Measuring up to the final seasons of Game of Thrones isn’t a particularly high bar, so HBO’s new spinoff series House of the Dragon instead tries to imitate its predecessor’s first three runs in all the things that turned it into one of the most prominent pop culture sensations of the past decade. The big exception here being the inclusion of dragons — and a host of them, at that — although the novelty might ultimately prove insufficient in selling this off as another masterstroke.
Despite tentatively categorizing itself as an epic fantasy, A Song of Ice and Fire has always found surer footing in the nuanced world of court intrigue and political maneuvering, so much so that if it weren’t for Daenerys’ baby dragons and a few mentions of White Walkers here and there, one could almost be forgiven for thinking that they were watching a historical drama. However, serpentine creatures, strange red priestesses, and even a touch of the apocalyptic zombie horde do not a fantasy show make, and nor do they have to.
Game of Thrones became as popular as it did because of its grounding in an in-canon reality, which in turn fueled a sense of immersion that truly brought the world of Westeros to life. Controversial storytelling decisions and stray Starbucks coffee cups aside, the story of the Seven Kingdoms was more often than not about its characters and their flawed humanity, not the spectacle that people had grown to expect from such works of art; the spectacle that showrunners David Benioff and D.B. Weiss ultimately fell for when they had the means to realize it.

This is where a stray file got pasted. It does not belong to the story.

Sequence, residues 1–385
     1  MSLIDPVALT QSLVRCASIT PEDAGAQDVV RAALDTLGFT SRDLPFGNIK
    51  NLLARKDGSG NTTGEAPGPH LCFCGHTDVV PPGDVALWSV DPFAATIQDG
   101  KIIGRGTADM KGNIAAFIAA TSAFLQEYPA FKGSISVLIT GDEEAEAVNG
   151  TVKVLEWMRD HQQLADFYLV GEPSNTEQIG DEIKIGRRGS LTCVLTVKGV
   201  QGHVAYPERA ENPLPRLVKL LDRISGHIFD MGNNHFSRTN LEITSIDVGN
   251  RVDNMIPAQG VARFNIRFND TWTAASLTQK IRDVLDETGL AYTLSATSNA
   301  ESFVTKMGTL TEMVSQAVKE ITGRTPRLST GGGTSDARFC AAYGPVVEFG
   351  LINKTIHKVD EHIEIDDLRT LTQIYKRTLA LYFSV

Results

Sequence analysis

Which is why the very first thing House of the Dragon gets right (as opposed to the downfall of its predecessor) is understanding why people actually gave a hoot about this story in the first place. House of the Dragon has more dragons than Game of Thrones could wish for on its best day, but that hasn’t cajoled George R.R. Martin or his handpicked co-producer Ryan Condal to sacrifice compelling characterization and narrative for the sake of spectacle.
As a result, the first thing that many viewers will notice about House of the Dragon, perhaps even as early as the first 20 minutes into the first episode, is that they’re back to watching an episode of Game of Thrones — its earlier seasons, dare we add — as if not a day has passed.
Is that a good thing? Well, at the very least, it gives House of the Dragon a fighting chance, even despite certain parts of the fandom gatekeeping the story and denouncing HBO’s franchise-mongering attempt as nothing but a desperate cash grab, a last stand of sorts to keep Westeros relevant.
Beyond that, the fact that House of the Dragon adheres to the principal philosophies of Game of Thrones is a double-edged sword. Granted, the result is a show that’s as compelling to watch as the story has ever been, but at the same time, the landscape of the entertainment industry, and specifically genre productions, has changed drastically over the past couple of years.